Results 1-10of 18 Reviews
Brooklyn, New York
October 6, 2009
From journal Savannah the Beautiful: A Small Taste of the Old South
by judee grodesky
port richey, Florida
April 28, 2009
Ponte Vedra , Florida
January 18, 2009
June 3, 2007
From journal Discovering Savannah Again
Conway, South Carolina
November 12, 2006
Here is a little history of the Lady & Sons!
The Lady and Sons restaurant had its humble beginnings back in June 1989 when Paula Deen started The Bag Lady out of her home. The Bag Lady began as a lunch delivery service with Paula's sons, Jamie and Bobby, delivering bag lunches to area business people in their offices around town. As the delivery and catering business grew, The Bag Lady expanded in 1991 into a full service restaurant named The Lady in the Best Western hotel on Savannah's Southside.
The Lady became quite successful over the next several years as the locals who had become familiar faces with The Bag Lady became familiar faces at The Lady. But Paula wanted a new home for The Lady, one in which the ambience matched the style of food. She found the perfect place in the old Sears & Roebuck building in Downtown Savannah on Congress Street and agreed to a long-term lease that needed renovations on just a handshake and a smile. The Lady and Sons opened its doors Downtown on January 8, 1996. Over the next several years, Paula began acquiring property for the next home of The Lady and Sons just down the street in the old White Hardware Building. In 2001, the year before her show began on the Food Network, the last piece of the puzzle was purchased. After fourteen months of renovations, the much awaiting grand opening of the new home for The Lady and Sons came in November 2003, just seven days before Thanksgiving, the restaurants biggest day of the year. The new building is a renovated 200 year-old three-story building plus basement with 15,000 square feet of dining, full service bar and office space. With the move in 2003, The Lady and Sons went from 85 seats to nearly 330 seats in the new location at 102 W Congress St.We have heard about this restaurant from the Paula Dean show on food network. So we came to GA to eat there. We arrived at the restaurant at about 9am to get reservations for lunch at 11am. The line was half way down the street when we got there. We ate on the third floor at the bar. They featured a buffet on Sunday, and it was very good. The fried chicken was really awesome! The buffet had, fried chicken, BBQ chicken, rice, lima beans, green beans, collard greens, potatoes, pull pork pot roast, and salad bar. It was all-you-can-eat and it was worth the price and wait to get in. Paula Deans restaurant features country cooking. The banana Pudding was excellent, as well as the peach cobbler. If you get the chance DO take in a meal here.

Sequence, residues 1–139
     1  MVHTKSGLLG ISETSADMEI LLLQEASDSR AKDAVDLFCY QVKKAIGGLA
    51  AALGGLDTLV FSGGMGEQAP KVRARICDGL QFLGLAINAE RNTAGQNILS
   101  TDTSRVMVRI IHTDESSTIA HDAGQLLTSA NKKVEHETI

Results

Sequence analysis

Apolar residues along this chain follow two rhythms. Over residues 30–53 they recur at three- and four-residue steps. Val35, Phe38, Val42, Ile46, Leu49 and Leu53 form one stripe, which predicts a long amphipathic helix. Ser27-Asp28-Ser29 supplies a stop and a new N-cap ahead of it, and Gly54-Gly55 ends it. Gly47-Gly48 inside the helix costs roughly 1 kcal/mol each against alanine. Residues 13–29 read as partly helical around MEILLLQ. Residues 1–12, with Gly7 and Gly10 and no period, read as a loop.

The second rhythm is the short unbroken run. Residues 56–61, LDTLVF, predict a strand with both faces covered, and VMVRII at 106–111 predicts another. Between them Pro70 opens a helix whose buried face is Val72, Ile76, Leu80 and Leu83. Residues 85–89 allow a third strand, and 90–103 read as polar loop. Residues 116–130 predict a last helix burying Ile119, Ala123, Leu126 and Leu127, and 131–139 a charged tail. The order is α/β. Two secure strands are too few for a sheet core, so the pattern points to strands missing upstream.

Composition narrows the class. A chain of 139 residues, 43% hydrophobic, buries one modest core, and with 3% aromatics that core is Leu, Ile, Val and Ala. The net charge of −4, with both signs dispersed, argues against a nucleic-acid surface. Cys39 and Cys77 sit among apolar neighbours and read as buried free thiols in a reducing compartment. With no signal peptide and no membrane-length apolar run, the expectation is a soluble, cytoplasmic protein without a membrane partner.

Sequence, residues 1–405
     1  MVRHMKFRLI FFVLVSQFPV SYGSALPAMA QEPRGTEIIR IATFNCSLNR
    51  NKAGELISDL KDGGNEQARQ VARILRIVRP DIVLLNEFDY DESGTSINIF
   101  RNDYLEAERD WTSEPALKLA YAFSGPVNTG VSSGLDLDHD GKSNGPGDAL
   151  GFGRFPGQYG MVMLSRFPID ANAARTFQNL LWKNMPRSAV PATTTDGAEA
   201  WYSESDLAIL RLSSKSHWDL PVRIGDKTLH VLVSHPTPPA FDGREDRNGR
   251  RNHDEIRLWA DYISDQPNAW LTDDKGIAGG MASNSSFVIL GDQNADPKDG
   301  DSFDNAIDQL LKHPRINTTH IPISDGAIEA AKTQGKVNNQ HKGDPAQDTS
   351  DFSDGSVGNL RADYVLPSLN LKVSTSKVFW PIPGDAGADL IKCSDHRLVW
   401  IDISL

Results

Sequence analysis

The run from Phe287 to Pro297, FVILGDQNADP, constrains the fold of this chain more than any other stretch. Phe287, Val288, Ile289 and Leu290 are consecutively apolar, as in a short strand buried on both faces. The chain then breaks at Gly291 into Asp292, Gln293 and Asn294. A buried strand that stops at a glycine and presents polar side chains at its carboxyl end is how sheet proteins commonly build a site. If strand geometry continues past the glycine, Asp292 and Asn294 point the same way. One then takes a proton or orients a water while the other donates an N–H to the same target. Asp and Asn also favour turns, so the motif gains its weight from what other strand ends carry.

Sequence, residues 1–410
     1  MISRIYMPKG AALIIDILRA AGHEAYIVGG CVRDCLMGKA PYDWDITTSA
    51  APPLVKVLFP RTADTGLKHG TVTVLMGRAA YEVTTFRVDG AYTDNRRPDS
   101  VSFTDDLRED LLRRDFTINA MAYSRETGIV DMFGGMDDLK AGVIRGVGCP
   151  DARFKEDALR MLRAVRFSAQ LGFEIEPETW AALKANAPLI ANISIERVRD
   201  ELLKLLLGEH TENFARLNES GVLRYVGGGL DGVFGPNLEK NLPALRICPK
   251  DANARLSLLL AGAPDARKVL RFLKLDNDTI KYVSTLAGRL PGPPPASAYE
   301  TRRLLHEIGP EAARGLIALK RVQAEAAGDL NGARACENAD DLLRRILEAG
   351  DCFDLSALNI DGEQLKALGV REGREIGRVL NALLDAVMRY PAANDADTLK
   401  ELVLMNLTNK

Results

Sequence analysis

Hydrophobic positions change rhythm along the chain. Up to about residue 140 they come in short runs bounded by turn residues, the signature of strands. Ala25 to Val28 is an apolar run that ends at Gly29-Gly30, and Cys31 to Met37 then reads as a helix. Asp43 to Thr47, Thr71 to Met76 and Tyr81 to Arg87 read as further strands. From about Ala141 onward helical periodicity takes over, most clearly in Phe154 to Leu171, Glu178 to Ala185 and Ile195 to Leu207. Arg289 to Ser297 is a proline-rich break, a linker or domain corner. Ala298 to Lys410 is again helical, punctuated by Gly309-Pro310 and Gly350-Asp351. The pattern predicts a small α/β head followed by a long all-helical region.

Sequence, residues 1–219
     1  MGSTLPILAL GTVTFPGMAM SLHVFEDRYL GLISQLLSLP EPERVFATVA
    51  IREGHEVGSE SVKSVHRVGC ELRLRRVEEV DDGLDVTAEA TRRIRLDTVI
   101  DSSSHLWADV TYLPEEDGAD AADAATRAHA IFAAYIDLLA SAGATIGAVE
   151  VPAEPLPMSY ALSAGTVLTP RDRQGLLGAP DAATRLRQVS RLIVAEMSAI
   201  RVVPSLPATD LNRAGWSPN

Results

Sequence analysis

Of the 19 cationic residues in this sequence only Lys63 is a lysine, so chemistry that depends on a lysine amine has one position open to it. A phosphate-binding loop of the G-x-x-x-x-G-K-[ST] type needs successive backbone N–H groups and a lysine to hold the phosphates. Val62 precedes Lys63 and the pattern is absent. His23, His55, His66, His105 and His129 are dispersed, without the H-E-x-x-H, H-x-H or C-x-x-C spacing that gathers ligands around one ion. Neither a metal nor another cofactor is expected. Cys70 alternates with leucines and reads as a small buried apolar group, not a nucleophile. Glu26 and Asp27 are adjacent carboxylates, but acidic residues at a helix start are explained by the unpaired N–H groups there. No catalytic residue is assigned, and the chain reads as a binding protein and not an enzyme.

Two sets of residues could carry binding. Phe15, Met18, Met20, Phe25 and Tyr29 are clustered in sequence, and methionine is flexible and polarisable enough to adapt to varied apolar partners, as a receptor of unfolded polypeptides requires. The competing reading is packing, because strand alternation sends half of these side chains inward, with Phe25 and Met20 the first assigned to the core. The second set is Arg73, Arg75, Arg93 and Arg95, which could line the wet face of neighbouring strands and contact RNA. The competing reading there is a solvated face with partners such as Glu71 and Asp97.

From journal Rivers End Campground & RV Park
Abbeville, South Carolina
May 30, 2006
They were running ahead of schedule, so we got a table on the 1st floor. The room was bright and cheery with big windows on all sides, soft pink walls with dark green trim, and green ivy painted on the walls here and there. There were paper doily placemats and a server brought each of us a cheese biscuit and a hoecake (like a mini pancake you eat with maple syrup); both yummy! Our amazing sweet tea had a lemon wedge and a sprig of mint on top. The buffet food was hot and tasted very fresh: fried chicken, baked chicken, pulled pork, rice, mashed potatoes, green beans, lima beans with ham, black eyed peas, macaroni and cheese, candied yams, collard greens, and succotash.